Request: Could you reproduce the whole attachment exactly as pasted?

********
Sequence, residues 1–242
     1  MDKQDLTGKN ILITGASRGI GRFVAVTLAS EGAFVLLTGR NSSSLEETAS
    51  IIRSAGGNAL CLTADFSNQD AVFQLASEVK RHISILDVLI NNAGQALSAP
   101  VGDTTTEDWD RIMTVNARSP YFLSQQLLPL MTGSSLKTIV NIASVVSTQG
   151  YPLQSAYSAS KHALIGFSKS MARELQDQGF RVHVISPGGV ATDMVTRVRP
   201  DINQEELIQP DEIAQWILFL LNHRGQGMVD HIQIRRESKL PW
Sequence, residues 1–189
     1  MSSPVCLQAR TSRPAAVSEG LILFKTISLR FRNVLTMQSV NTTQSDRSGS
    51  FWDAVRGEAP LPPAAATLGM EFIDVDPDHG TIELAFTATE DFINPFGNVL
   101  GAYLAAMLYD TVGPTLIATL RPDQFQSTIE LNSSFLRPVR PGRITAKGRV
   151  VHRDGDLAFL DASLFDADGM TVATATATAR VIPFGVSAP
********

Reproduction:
Sequence, residues 1–242
     1  MDKQDLTGKN ILITGASRGI GRFVAVTLAS EGAFVLLTGR NSSSLEETAS
    51  IIRSAGGNAL CLTADFSNQD AVFQLASEVK RHISILDVLI NNAGQALSAP
   101  VGDTTTEDWD RIMTVNARSP YFLSQQLLPL MTGSSLKTIV NIASVVSTQG
   151  YPLQSAYSAS KHALIGFSKS MARELQDQGF RVHVISPGGV ATDMVTRVRP
   201  DINQEELIQP DEIAQWILFL LNHRGQGMVD HIQIRRESKL PW
Sequence, residues 1–189
     1  MSSPVCLQAR TSRPAAVSEG LILFKTISLR FRNVLTMQSV NTTQSDRSGS
    51  FWDAVRGEAP LPPAAATLGM EFIDVDPDHG TIELAFTATE DFINPFGNVL
   101  GAYLAAMLYD TVGPTLIATL RPDQFQSTIE LNSSFLRPVR PGRITAKGRV
   151  VHRDGDLAFL DASLFDADGM TVATATATAR VIPFGVSAP